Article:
If you're using JangoMail to connect in real-time to a database file, then make sure you regularly backup your database using the database's backup tool. All of your database files containing email list data, from Excel Files, to Access Files, to SQL Server databases, should be regularly backed up. With the advent of inexpensive Internet-based backup services like Mozy and Carbonite, it's easy and fast to implement. If you're using JangoMail with a web-based CRM system like Salesforce to send email marketing campaigns, you should use the export functionality built-into the CRM system to keep a local copy of your data handy.

Wednesday, November 17, 2010

New Survey Features: Export survey data, filter responses, specify a redirect URL

We've launched some long-awaited enhancements to our survey platform. You can now:
  1. Export detailed survey response data straight out of Reporting
  2. Filter survey responses by a particular question or answer, and then send follow-up email campaigns or create Email Lists based on filtered recipient data.
  3. Specify a redirect URL where the user is taken after completing a survey
  4. Call the API to retrieve survey responses programatically
Exporting survey data from Reporting

Click the survey column for an email campaign to go to the detailed responses data for that campaign.

Screenshot of detailed survey response data

Filtering survey data

You can filter survey response data by question or by response. After filtering the data, you can then send a followup email campaign to just the recipients that match the filter criteria, or create a new Email List based on the filtered data.

Specifying a redirect URL after survey completion

When designing a survey, you can specify a redirect URL as shown below:

After the user is done taking the survey, the user will be redirected to the URL specified rather than the default JangoMail survey-completion page.

API methods to access survey data

The new method is available in 3 formats, depending on your desired output format:

Survey responses must be retrieved by their corresponding email campaign, specifying the numeric Job ID. Additionally, the data can be sorted one of two ways, by recipient email address ("e") or by question ("q").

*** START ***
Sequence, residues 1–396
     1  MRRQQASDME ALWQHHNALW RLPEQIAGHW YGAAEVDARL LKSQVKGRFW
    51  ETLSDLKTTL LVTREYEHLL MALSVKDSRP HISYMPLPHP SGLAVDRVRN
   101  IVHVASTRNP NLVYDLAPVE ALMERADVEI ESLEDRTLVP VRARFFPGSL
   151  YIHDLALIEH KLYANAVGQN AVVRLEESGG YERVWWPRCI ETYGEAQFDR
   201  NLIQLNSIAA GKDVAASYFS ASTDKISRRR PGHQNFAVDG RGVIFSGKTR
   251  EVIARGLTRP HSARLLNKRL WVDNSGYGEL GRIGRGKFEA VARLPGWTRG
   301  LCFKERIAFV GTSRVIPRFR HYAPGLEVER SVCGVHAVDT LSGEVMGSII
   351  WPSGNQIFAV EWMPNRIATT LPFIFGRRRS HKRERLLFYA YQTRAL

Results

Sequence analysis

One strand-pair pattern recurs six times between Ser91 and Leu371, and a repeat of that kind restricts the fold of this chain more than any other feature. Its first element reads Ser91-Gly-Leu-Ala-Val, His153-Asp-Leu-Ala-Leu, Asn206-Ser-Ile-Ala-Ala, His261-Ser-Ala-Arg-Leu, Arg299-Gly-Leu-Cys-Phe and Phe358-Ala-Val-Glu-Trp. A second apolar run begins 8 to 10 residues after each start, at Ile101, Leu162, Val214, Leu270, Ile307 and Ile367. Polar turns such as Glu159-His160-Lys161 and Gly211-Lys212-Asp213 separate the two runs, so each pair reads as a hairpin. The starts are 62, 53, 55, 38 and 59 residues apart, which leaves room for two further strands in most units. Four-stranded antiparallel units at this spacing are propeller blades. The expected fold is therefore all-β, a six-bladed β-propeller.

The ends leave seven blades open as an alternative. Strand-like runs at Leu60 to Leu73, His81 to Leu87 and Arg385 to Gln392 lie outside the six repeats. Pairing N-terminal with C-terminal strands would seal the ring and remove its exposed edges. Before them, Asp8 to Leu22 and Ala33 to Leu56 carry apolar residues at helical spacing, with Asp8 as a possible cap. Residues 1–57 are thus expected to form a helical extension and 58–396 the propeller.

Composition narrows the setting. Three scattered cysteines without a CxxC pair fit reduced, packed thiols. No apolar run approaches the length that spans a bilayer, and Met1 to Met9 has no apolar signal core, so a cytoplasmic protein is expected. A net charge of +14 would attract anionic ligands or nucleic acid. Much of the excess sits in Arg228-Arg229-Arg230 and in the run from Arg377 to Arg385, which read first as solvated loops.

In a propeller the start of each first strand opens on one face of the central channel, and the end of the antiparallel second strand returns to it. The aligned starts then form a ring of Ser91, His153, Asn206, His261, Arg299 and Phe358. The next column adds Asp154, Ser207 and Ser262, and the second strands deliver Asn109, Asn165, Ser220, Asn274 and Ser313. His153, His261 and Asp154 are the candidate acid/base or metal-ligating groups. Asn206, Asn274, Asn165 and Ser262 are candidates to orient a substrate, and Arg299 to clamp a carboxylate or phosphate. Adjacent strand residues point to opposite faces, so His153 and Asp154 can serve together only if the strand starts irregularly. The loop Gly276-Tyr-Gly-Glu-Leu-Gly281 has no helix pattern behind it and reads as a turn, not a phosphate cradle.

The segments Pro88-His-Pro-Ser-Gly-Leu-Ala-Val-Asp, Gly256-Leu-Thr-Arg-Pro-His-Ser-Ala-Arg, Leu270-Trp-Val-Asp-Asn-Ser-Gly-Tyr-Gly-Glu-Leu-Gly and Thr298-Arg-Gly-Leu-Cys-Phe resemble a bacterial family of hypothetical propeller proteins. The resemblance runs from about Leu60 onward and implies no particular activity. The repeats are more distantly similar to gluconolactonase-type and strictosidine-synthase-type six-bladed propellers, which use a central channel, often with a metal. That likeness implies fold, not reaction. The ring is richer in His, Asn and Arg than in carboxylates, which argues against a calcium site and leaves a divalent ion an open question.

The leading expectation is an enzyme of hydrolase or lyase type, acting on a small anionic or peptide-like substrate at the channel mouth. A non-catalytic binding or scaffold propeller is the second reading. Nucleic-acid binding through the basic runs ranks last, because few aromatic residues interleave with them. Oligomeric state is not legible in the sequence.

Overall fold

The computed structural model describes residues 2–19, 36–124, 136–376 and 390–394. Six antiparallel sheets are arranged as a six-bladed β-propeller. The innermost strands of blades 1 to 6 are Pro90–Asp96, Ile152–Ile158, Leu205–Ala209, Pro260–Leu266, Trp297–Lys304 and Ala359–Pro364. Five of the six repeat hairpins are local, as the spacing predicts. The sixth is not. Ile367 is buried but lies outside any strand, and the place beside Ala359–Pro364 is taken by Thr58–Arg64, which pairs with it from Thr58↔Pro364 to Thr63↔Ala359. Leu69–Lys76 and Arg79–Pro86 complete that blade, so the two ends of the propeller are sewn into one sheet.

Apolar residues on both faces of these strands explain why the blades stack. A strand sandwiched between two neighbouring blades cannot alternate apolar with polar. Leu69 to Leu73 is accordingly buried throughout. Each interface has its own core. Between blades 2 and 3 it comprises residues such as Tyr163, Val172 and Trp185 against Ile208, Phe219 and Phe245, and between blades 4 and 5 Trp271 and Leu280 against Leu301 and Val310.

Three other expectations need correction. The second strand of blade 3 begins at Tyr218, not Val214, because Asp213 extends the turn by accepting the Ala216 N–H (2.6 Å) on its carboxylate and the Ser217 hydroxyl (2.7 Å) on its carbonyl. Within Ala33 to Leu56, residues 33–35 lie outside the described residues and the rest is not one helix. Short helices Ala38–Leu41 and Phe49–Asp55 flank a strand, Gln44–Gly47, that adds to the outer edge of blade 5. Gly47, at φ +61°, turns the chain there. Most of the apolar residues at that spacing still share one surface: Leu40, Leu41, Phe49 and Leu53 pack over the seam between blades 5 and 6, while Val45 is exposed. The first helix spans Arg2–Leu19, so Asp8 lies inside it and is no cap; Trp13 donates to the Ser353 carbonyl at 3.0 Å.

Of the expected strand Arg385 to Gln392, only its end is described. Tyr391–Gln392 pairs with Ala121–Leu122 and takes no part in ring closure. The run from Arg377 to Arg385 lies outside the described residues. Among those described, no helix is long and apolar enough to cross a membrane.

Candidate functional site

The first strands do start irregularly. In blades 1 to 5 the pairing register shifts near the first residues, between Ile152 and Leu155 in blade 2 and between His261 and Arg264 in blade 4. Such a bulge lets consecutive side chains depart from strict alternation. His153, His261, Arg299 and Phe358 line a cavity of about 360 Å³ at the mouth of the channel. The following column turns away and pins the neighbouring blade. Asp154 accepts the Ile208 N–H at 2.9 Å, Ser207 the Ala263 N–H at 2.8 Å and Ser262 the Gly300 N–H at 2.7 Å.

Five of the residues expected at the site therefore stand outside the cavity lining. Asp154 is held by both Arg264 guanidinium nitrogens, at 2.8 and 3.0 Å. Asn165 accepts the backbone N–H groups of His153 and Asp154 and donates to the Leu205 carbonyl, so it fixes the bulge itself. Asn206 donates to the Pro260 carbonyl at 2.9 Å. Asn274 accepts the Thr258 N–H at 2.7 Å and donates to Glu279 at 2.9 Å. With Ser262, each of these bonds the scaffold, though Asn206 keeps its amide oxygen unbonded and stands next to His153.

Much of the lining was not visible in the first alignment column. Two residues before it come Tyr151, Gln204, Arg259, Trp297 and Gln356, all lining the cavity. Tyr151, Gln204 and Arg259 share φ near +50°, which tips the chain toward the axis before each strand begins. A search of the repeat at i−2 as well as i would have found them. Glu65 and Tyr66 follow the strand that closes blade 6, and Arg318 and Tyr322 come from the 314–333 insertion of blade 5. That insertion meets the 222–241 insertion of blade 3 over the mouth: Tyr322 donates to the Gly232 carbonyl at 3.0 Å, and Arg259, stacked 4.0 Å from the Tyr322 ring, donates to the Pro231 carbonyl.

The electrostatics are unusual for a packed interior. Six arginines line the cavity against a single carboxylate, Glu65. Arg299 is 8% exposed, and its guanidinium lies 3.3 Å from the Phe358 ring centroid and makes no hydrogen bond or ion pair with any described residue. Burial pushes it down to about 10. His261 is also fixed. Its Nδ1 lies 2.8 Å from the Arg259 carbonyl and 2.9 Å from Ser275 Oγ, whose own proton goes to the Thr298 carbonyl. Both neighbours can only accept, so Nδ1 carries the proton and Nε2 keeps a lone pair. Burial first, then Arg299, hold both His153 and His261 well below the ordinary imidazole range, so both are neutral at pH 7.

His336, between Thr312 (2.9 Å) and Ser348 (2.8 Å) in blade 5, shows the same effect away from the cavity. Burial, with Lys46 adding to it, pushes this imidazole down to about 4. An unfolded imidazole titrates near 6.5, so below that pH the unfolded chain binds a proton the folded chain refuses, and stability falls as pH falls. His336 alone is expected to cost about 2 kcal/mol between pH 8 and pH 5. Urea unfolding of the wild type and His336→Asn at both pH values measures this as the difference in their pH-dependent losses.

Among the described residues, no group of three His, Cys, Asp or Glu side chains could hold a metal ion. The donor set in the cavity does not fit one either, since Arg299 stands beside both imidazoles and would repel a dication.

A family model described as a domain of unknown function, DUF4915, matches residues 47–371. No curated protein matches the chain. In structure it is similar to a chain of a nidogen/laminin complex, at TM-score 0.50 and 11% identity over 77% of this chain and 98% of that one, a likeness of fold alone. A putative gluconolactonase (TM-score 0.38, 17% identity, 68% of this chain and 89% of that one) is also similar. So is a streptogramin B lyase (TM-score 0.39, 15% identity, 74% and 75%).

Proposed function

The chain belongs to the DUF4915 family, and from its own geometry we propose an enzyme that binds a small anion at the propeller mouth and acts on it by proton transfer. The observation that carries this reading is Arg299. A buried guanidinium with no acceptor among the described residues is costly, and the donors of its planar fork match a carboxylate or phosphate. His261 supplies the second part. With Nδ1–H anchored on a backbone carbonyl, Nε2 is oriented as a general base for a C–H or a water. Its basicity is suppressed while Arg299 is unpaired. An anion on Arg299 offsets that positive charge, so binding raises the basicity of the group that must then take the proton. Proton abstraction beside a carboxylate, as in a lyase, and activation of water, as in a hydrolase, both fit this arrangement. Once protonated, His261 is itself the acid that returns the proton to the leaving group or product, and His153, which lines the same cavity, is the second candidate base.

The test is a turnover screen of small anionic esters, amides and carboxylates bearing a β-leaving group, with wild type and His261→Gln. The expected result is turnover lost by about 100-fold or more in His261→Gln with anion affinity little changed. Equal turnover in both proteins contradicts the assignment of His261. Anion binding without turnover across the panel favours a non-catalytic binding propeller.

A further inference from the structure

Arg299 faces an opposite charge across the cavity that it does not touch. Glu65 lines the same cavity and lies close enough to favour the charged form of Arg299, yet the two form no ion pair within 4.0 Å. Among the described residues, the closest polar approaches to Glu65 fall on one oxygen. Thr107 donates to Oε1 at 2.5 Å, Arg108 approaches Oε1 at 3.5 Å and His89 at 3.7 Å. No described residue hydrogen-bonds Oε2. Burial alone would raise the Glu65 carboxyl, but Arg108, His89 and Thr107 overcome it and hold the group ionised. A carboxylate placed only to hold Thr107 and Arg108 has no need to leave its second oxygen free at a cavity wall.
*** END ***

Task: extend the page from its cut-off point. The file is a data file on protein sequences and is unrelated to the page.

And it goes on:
• Reports_GetSurveyResponses_Dataset
    Retrieves survey responses for a particular mass email campaign. Returns a Dataset.

  • Reports_GetSurveyResponses_String
    Retrieves survey responses for a particular mass email campaign. Returns a String.

  • Reports_GetSurveyResponses_XML
    Retrieves survey responses for a particular mass email campaign. Returns an XML document.
  • Sunday, November 14, 2010

    New Feature: Google Analytics integration now works with transactional email

    Google Analytics integration is now available with transactional email sent through the SMTP relay or through the API.

    If you're already sending mass emails through JangoMail and using Google Analytics, then you need not change anything for your transactional email to also start working with Google Analytics. The only difference between the way in which mass emails are tracked versus transactional emails, is that the "Subject" becomes the "Transactional Group Name" and the "CampaignID" becomes the "Transactional Group ID".

    For example, if you're using the default Google Analytics settings in your account, as shown below:

    Mass emails with click-tracked links will take the recipient to a URL that looks like this:


    Transactional email with click-tracked links will take the recipient to a URL that looks like this:


    Notice that the difference is that with transactional email, it's not the Subject of the email that gets recorded in Google Analytics, but the Transactional Group name to which it belongs. This determines what the campaign is named inside your Google Analytics account. For mass emails, it makes intuitive sense that the campaign would be named by the mass email's Subject line. For transactional email, it wouldn't make sense to use each individual email's Subject line, because if you send 1,000 transactional emails, all with different Subject lines, you'll end up with 1,000 different campaigns in your Google Analytics account, and making sense of the data would be impossible. That's why transactional emails will be categorized by their Transactional Group Name and not their Subject.

    You may use any combination of these values in the four Google Analytics variable fields:

    %%EmailAddress%% = the email address of recipient
    %%Subject%% = the subject of the mass email campaign
    %%CustomID%% = a custom identifier chosen by the user for mass email campaigns
    %%CampaignID%% = the JangoMail identifier for a mass email campaign
    %%TransactionalGroupName%% = the Transactional Group Name of a transactional email
    %%TransactionalGroupID%% = the Transactional Group ID of a transactional email

    %%Subject%% and %%CampaignID%% are used for mass emails and %%TransactionalGroupName%% and %%TransactionalGroupID%% are used for transactional email. However, if you are using %%Subject%% and %%CampaignID%%, and you send transactional email, then %%Subject%% will be treated as %%TransactionalGroupName%% and %%CampaignID%% will be treated as %%TransactionalGroupID%%. That means that if you're using your account to send both mass email and transactional email, you can leave the defaults in place for utm_campaign:

    utm_campaign: %%Subject%% (%%CampaignID%%)

    This setting will allow Google Analytics integration to work with both your mass email and transactional email messages.

    More Reading:

    For more information on our Google Analytics integration including screenshots of what your campaigns will look like inside Google Analytics, please download the PDF guide to JangoMail's integration with Google Analytics.